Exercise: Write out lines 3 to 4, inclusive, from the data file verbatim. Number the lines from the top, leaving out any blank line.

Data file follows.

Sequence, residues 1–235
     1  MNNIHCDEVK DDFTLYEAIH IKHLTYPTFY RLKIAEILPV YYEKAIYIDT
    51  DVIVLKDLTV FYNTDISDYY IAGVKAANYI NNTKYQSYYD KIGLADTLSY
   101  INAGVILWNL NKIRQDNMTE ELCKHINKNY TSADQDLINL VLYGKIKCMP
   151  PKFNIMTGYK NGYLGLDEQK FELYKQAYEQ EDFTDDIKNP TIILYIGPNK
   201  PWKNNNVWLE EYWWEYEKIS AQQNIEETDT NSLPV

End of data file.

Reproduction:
    51  DVIVLKDLTV FYNTDISDYY IAGVKAANYI NNTKYQSYYD KIGLADTLSY
   101  INAGVILWNL NKIRQDNMTE ELCKHINKNY TSADQDLINL VLYGKIKCMP